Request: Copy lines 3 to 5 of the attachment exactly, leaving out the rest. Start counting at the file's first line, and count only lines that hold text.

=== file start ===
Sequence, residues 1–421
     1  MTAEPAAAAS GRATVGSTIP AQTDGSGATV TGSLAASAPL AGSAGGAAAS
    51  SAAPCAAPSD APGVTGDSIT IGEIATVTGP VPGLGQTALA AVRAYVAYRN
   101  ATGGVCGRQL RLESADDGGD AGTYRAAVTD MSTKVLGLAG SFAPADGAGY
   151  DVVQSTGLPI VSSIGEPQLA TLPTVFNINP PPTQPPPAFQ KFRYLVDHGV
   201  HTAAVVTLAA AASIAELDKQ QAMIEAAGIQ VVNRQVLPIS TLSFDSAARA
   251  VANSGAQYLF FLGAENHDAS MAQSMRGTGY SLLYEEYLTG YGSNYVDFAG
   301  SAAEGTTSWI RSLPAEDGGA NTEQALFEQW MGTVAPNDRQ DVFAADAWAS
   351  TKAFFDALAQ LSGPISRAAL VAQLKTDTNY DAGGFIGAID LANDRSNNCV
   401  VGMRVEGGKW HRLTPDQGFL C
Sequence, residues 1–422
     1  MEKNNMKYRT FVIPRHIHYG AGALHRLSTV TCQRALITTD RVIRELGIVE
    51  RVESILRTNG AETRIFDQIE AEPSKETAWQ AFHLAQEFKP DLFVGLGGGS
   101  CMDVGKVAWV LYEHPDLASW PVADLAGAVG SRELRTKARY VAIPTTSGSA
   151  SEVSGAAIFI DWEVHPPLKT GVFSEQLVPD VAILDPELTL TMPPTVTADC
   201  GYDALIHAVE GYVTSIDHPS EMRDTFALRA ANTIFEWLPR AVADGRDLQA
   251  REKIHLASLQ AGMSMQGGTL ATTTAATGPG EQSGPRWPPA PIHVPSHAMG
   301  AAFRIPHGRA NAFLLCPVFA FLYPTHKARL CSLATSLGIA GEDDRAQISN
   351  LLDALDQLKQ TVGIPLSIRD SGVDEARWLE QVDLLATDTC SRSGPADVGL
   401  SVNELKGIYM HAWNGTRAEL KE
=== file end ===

    51  SAAPCAAPSD APGVTGDSIT IGEIATVTGP VPGLGQTALA AVRAYVAYRN
   101  ATGGVCGRQL RLESADDGGD AGTYRAAVTD MSTKVLGLAG SFAPADGAGY
   151  DVVQSTGLPI VSSIGEPQLA TLPTVFNINP PPTQPPPAFQ KFRYLVDHGV